We recognize that the demand fundamentals for multifamily real estate assets, even in the wake of different economic cycles and conditions, continue to remain a stable area of investing.
In tougher economic climates, Class A and B+ renters may be forced to trade down to Class B/C multifamily assets. Specifically, in 2008 and 2009, occupancy levels in B and C multifamily assets declined by ~1.0-2.6% in each year. Ultimately, everyone needs a safe and comfortable community to live in during robust and weak economic cycles.
Multifamily properties have exhibited a stronger sense of resilience in maintaining asset values as well as lower volatility with market rents and occupancy levels relative to other property types. In the Houston region alone, property performance data for Class B and C apartments from 2008 to 2010 specifically exhibited a 2-3% standard deviation of annual occupancy change from 2003 through 2013.
As active investor-operators, we take a disciplined approach across all avenues pre and post-acquisition. Our team of dedicated professionals works thoroughly to monitor key performance indicators and optimize asset performance, engaging in in-depth market research and data analysis. We additionally provide a thorough due diligence process and a holistic, hands-on asset management model, maximizing our attention to detail on all ends of the spectrum.
Operational, marketing, and leasing strategies implemented at the site level place heavy emphasis on customer service, which we believe to be paramount in successful property engagement.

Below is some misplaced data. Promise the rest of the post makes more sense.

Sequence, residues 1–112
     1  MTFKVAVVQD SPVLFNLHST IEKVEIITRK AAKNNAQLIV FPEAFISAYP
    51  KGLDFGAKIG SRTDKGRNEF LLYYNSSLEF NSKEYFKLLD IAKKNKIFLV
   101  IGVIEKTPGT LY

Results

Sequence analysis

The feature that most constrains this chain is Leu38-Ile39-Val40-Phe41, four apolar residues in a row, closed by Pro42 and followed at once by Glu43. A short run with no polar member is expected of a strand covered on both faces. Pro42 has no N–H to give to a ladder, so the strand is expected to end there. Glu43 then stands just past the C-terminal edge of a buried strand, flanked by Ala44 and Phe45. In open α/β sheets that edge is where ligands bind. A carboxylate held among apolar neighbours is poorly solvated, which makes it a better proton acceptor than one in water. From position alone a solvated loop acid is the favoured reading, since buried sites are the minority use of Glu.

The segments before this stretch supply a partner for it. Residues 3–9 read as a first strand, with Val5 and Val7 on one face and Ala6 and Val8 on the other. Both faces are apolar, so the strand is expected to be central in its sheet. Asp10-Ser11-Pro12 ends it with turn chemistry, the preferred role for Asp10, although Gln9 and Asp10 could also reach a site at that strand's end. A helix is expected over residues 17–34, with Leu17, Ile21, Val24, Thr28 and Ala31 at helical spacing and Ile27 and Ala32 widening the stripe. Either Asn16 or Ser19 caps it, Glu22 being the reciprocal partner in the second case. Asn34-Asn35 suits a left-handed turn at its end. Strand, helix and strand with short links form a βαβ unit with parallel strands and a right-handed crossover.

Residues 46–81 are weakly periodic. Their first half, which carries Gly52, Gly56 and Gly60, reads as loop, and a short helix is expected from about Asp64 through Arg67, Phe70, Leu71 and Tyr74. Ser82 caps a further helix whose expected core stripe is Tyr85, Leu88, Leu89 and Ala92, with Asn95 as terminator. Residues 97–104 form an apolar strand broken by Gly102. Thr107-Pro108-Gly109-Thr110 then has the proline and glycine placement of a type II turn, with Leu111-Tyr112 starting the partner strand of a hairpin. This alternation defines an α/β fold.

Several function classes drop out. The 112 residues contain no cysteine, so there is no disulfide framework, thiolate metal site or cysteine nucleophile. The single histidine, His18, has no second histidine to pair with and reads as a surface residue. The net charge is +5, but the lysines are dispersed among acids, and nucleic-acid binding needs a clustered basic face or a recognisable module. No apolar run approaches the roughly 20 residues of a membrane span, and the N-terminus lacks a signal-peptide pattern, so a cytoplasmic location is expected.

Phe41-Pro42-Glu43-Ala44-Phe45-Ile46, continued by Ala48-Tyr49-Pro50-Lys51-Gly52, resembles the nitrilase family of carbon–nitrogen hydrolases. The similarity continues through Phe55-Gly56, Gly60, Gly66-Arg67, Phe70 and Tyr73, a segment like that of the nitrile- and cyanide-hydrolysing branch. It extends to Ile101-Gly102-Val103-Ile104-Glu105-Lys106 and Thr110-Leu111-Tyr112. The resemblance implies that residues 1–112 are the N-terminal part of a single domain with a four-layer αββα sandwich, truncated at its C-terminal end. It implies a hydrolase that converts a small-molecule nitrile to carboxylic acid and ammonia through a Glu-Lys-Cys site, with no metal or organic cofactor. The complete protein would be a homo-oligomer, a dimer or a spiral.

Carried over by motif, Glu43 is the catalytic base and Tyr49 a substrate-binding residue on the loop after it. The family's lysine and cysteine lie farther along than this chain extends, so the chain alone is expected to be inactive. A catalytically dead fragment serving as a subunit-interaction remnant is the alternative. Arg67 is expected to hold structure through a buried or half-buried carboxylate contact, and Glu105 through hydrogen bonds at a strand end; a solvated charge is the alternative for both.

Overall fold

For every investment opportunity, we place a strong emphasis on favorable economic and demographic trends along with supply/demand dynamics through the strategic acquisition of assets across all real estate verticals.
We provide tangible income-producing assets with attractive risk-adjusted returns. Whether it’s assets for a high cash-yield or assets with land value and downside protection, we always ensure that each of our investment options offers favorable returns for all our investors.
Money Supply Growth
M2 money supply in the US has increased materially* resulting in higher volumes of capital held by pension funds, endowments, insurance companies., private equity and venture funds, family offices, etc. all pursuing a limited set of attractive investment opportunities.
With lower borrowing costs, we have observed return compression across all traditional asset classes (i.e. private equity, venture capital, real estate, stocks, bonds, private debt, etc.) over the last several decades.
US Domiciled Assets and Real Assets
Globally, investors globally continue to demonstrate preferences for US domiciled assets given corporate governance, legal frameworks, and other controls that provide enhanced business integrity and asset safety.
The US continues to be viewed as a safe-haven for foreign capital; investors increasingly seek tangible assets with current income and downside protection.
Wage Disparity and Cost of Living
As the wage gap and income disparity across the US continues to widen and population continues to grow, the lower middle class is being forced to find more affordable housing alternatives, thereby increasing the aggregate demand for value-add properties.
Cost of living continues to rise particularly in select coastal cities/states; cities/states with no or low state income tax, business friendly environments and lower cost of living will continue to attract new residents.
Homeownership levels remain near 20-year lows at ~63% and rental demand continues to grow. Stringent borrowing requirement imposed by traditional lenders make it increasingly difficult for the lower middle class to purchase homes.
Millennials increasingly forgoing home-ownership and moving to larger cities (i.e. Houston, Dallas, Austin) compared to prior generations fueling further demand for multifamily. Homebuilders continue to struggle and pull back development around any economic uncertainty further supporting multifamily.
*From $8+ trillion in 2009 to record highs of $13.8 trillion in 2018 (Source: Federal Reserve)